merchandise, paying therefor $20 per annum, and at the same rate for the time he had been selling without a license. There was a blacksmith at the village, but his name is not remembered. This was the Mongo of 1833.

     The originators or perpetrators of the Indian scare, known as the "Gage and Langdon war," were the Frenchman Druryeaur, the Irishman O'Ferrell, the Yankee Brownell, the German miller, and a few native Americans. Such a unity of nationality could not fail to produce a sensation. All persons at the time were talking about the Black Hawk was, and speculating as to the probability of trouble with the Pottawatomies. Those easily 
frightened saw dreadful times ahead, and were ready for the scare. The details are told in the chapter on Greenfield. Langdon fled to Brushy Prairie, and told the few settlers there of the massacre at the mill. Men for miles around armed themselves and repaired in haste to the spot, to assist in quelling the outbreak. Over one hundred assembled, though, for some reason unknown, no organization was effected. About seventy-five Indians were encamped near by. They thought the whites were going to attack them, and hung out the white flag. In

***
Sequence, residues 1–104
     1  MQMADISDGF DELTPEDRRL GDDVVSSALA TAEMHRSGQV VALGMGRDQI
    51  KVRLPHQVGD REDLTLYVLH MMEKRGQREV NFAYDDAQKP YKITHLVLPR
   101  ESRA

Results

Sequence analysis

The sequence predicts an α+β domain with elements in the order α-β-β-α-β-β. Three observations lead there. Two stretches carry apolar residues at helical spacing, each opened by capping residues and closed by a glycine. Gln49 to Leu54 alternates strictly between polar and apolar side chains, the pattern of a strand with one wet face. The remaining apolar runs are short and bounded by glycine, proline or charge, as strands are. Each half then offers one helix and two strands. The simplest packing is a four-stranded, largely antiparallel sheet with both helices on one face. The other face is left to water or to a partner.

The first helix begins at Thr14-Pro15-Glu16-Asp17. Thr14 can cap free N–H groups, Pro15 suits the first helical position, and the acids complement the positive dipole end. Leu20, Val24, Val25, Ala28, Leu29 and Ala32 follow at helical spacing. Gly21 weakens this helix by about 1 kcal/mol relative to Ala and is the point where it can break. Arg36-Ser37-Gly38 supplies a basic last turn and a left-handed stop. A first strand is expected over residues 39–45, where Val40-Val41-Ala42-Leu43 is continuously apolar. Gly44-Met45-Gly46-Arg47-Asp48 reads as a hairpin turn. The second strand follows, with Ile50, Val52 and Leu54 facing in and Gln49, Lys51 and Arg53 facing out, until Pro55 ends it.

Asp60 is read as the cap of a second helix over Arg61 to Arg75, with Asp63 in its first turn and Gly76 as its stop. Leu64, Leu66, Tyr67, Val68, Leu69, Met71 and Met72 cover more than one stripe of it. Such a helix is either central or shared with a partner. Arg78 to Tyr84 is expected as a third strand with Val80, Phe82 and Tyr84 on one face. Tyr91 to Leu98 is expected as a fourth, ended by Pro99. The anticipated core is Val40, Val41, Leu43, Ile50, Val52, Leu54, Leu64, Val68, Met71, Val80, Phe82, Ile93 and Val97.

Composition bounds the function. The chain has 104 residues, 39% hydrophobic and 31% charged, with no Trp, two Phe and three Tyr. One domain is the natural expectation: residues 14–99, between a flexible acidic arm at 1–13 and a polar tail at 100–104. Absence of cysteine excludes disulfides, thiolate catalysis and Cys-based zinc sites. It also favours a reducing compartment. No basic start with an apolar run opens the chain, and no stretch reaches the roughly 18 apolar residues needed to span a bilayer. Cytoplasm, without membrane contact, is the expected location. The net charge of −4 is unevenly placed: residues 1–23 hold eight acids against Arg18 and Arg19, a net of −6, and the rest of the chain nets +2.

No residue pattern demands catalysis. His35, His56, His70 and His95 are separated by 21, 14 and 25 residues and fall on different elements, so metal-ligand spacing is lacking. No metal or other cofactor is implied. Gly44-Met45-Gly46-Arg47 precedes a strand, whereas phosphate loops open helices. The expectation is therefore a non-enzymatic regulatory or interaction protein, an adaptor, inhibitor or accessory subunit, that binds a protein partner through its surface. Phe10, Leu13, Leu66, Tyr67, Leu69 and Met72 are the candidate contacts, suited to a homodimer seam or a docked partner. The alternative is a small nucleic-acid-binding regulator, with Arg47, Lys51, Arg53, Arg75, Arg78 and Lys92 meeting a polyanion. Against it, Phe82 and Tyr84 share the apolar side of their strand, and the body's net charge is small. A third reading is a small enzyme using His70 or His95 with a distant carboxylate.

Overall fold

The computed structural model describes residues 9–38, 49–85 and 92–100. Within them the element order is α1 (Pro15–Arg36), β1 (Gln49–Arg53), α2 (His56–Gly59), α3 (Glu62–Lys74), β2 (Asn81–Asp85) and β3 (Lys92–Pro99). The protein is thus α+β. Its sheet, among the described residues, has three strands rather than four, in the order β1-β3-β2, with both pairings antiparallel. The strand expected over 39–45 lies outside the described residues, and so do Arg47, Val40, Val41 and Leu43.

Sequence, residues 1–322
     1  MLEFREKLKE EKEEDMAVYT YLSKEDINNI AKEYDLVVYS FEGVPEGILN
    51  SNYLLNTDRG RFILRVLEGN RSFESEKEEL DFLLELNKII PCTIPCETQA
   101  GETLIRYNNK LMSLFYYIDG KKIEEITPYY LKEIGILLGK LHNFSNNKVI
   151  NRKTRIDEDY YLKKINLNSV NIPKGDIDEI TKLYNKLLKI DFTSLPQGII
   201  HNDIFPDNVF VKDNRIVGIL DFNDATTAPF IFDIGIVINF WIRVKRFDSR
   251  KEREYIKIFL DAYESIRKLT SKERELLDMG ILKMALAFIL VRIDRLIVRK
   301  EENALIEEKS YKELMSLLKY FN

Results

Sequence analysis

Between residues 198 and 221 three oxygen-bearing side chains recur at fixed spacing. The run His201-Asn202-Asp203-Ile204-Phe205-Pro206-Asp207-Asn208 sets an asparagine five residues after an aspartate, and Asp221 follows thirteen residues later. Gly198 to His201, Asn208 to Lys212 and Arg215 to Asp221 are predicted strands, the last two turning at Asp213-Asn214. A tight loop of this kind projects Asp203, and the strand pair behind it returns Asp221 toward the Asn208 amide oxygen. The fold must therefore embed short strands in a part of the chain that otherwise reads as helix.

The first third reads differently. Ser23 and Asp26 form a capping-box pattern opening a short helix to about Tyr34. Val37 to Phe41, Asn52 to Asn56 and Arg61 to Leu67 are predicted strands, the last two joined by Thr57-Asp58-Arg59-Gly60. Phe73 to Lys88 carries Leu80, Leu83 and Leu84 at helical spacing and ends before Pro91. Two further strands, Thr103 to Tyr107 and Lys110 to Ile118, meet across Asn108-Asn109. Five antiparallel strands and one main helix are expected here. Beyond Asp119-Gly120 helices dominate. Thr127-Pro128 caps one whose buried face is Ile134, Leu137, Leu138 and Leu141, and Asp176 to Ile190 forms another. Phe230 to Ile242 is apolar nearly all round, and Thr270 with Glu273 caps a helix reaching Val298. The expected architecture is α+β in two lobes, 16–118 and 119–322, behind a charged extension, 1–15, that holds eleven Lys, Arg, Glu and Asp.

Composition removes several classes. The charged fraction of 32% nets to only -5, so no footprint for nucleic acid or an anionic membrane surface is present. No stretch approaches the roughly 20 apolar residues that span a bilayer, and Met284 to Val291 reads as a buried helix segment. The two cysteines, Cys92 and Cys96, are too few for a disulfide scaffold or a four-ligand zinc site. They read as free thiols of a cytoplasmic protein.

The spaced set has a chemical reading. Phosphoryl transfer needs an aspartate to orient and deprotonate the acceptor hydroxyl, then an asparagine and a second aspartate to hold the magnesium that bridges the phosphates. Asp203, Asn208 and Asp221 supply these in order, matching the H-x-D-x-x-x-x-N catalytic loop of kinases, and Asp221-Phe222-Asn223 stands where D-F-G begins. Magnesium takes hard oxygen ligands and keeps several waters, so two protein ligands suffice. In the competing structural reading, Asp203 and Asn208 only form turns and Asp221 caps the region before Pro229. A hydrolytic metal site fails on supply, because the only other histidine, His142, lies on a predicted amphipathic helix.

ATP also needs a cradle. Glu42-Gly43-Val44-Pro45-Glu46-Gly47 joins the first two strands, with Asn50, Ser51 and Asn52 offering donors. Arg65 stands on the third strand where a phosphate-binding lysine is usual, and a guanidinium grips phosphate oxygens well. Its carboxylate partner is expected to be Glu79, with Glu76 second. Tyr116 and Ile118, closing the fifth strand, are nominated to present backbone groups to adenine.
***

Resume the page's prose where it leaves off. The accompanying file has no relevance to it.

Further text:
truth, the settlers could hardly be restrained from firing upon them. It was not long before the truth became known,and then the perpetrators of the hoax were treated to an exhibition of wrath and indignation. So hostile were the settlers to the jokers that trade at the mill, the distillery and the store languished. Under this pressure, the Frenchman left the place; and very likely the early disappearance of O'Ferrell, and the sale of the property of
Brownell were hastened, if not caused, by their perpetration of the joke. Do not say the story is magnified. When 100 men assemble, armed and prepared for fight; when attempts are made to build forts and garrison islands in lakes, that section of the country is in earnest and means business. Such are the facts, at least.

     Among the earliest settlers in the township were William S. Prentiss, Benjamin Jones, Jesse Huntsman, Joseph Foos, Benjamin Foos, William Seaburn, Erastus Haskins, George Thompson, Elijah Fothergill, Drusus Nichols, Otis Shepardson, George Ray (Peckham), William Bullmer, Samuel Bradford, Norman Dyer, Jacob and Isaac Gage, David Michael, Barnabas Thompson and others. At the same time, and prior to 1839, there came Leonard Appleman, Russell Brown, Almon Brine, Isaac Carpenter, Moses Chapin, Conrad Deal, W. B. Dunn, George Donaldson, Edwin Davis, Robert Dayton, William Eastlick, the